The Harmony Ethic is a system based upon caring for fellow human beings through the expression of deep respect and kindness. This is the way of a harmonious survival. It also emphasizes the presence of choice. To the Cherokee, a person has just as much choice in creating harmony as he or she does in creating disharmony and social disruption.
Life is very precious. Must we have something like a "close call" to realize this? Can we not recognize and embrace the beauty of all life without being splashed in the face by the Great One with a bucket of cold water?
Every life is, indeed, a precious gift to be respected and treated with care. This is not only out of respect for a gift that has been given, but also out of the belief that everything and everyone has a purpose to fulfill during his or her lifetime on Mother Earth. Every person, like every animal, tree, plant, and mineral, possesses some unique quality or talent to be discovered through a variety of experiences in this world. Harmony is the key to meaningful life experiences in which all learning contributes to an overall sense of our life purpose, and to harmony and balance. This purpose is manifested by a striving for the wisdom and generosity exemplified by the Elder who has accumulated a lifetime's worth of experience in the world, and returned once again to the child's first smile. Our Elders have spent much time on Mother Earth, and they have seen much. Many have learned the inner secrets to a harmonious way of life and they are the keepers of this wisdom.
There is something known as the "Harmony Ethic," based on the communal spirit of cooperation and sharing, which guides much of traditional Cherokee living. It is a way of life that gives purpose and direction to much of our interaction in this world. In Cherokee tradition, wellness of the mind, body, spirit, and natural environment is an expression of the proper balance of all things. If we disturb or disrupt the natural balance of ourselves or others, illness may be the result, manifesting in the mind, body, spirit, or natural environment. However, all aspects are affected by such disturbances of the delicate balance as we easily realize when we abuse ourselves or others.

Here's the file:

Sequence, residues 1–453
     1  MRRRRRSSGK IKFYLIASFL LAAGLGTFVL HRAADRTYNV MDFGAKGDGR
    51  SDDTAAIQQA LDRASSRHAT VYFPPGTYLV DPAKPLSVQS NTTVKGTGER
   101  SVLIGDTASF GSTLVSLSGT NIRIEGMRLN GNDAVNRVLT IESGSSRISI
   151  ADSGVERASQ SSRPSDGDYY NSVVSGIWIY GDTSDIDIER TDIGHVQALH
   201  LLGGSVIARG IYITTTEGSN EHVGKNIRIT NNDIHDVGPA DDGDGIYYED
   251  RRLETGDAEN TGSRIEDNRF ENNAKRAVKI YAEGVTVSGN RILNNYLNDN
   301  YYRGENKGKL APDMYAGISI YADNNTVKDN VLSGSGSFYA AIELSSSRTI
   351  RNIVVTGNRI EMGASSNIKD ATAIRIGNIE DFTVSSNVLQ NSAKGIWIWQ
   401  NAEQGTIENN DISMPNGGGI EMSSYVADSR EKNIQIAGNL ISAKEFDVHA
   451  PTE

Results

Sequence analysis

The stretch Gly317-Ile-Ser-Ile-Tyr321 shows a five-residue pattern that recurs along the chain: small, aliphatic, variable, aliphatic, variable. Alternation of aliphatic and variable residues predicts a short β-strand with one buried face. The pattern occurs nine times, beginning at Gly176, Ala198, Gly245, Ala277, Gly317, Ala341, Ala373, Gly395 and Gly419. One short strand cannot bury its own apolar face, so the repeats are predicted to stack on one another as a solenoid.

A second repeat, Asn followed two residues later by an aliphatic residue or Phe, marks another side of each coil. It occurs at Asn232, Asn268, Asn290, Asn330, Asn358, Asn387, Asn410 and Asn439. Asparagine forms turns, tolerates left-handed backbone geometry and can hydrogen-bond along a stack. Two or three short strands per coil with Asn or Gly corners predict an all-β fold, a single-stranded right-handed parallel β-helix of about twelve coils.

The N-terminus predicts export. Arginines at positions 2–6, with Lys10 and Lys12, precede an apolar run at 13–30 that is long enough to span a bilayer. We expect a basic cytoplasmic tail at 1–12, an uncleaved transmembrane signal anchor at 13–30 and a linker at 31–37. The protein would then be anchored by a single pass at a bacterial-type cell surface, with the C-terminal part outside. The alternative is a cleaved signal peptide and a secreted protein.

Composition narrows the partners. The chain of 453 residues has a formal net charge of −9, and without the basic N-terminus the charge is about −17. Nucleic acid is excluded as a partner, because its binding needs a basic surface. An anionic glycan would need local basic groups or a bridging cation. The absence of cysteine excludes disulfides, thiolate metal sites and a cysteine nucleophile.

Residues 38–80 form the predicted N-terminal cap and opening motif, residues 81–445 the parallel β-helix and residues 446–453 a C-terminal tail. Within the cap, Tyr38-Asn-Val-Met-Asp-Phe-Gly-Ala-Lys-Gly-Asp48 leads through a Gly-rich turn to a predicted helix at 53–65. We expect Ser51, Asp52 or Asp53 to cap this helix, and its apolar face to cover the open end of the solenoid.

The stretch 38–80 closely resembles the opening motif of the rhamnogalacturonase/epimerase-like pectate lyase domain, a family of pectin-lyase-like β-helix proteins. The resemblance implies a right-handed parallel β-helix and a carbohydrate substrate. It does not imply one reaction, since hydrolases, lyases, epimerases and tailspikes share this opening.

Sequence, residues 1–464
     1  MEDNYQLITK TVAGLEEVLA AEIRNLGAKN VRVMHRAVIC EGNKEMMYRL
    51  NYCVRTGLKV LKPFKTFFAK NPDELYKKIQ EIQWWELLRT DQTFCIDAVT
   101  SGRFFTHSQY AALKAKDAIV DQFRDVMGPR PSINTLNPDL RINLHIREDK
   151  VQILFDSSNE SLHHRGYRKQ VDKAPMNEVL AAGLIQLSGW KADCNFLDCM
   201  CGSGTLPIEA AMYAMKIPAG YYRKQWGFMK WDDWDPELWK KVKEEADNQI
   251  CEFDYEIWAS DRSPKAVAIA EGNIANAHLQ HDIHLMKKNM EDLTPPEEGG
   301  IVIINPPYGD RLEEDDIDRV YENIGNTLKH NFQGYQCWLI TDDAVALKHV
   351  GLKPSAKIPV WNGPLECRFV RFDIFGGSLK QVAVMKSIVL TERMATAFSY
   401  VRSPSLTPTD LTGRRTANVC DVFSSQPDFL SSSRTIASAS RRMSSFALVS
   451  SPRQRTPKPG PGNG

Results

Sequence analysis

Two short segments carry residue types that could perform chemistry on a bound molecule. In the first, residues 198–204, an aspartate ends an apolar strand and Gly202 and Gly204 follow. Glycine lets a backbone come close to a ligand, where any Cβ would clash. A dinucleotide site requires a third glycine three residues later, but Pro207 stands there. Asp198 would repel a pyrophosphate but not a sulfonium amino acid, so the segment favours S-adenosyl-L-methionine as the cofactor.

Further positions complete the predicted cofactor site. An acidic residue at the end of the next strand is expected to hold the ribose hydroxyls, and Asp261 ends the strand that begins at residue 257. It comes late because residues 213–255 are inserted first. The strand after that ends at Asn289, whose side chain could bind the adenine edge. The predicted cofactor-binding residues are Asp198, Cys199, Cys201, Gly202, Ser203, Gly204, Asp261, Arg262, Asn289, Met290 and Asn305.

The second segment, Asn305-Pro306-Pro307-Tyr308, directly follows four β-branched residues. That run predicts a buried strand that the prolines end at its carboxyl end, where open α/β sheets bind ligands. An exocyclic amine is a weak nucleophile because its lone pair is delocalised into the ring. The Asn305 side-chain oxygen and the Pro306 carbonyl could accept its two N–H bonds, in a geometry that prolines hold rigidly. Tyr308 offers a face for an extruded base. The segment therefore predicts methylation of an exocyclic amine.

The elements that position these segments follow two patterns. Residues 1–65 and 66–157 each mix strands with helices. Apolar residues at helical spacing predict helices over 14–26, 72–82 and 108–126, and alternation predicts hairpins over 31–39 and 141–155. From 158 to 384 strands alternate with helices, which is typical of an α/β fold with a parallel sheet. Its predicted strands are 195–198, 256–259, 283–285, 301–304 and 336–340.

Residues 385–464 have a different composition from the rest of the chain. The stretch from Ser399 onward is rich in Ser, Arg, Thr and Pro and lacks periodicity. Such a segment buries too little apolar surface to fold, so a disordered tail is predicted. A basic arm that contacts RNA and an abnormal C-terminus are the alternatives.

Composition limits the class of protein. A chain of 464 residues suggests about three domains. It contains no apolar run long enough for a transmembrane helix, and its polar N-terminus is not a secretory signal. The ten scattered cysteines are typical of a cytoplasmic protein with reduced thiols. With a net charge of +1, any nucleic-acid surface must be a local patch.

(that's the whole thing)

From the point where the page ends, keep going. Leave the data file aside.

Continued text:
The Harmony Ethic is a way of maintaining the natural harmony and balance that exists within us, and with the world around us. It consists of:
A nonaggressive and noncompetitive approach to life.
This is especially true if the goal of aggression or competition is individual success. If the goal of competition is to benefit the family, clan, tribe, or community, then competition is considered acceptable. Intertribal sports competitions, for example, can become quite aggressive. Competition or aggression for personal gain, however, is frowned upon.
The use of intermediaries, or a neutral third person,
as a way of minimizing face-to-face hostility and disharmony in interpersonal relations. This involves the conscious avoidance of interpersonal conflict in an attempt to maintain reciprocally harmonious relations with "all one's relations". This is a common strategy in the traditional way for resolution of conflict without upsetting the natural balance of things.
Reciprocity and the practice of generosity.
This occurs even when people cannot afford to be generous. It is the act of giving and of receiving that makes the Circle turn. Being able to share unselfishly frees a person to learn important lessons that are offered in life.
A belief in immanent justice.
This relieves people from feeling the need to control others through direct interference, or to punish others. There is a natural order to things, and, sometimes, there are situations or experiences that are "out of our hands", so to speak. It is very important to be able to release something rather than harm ourselves or others with destructive emotions, thoughts, or actions. There is an old saying that we should never speak ill against another for the wind will carry it to that person, and eventually, the ill will return.
Traditional teachings relate to us how important it is that we move through our lives with courage, humility, respect, and kindness in our heart. All these things signify a deep respect for the gift that we have been given in the breath of life, as well as a respect for all life. Wisdom transcends all circumstance, and ultimately comes from a harmony within the self, and between the self and the universe -- an inner strength derived from the unity of spirit, natural environment, body, and mind. As Douglas Spotted Eagle says, "An Elder once told me that I should always remember: 'All that moves is sacred, only by understanding this can you realize the rhythm of the Earth, and thereby know how to place your feet'."
This article is excerpted from:
Medicine of the Cherokee
by J.T. Garrett and Michael Garrett.
About the Authors
J.T. Garrett, Ed.D., and his son, Michael Garrett, Ph.D., are members of the Eastern Band of Cherokee from North Carolina Asstudents and teachers of Indian Medicine, they draw on the ancient wisdom teachings of their Medicine Elders on the Cherokee Reservation in the Great Smoky Mountains. The Garretts have developed ways to present the "old teachings" to effectively guide people today to appreciate and understand living the "Medicine Way."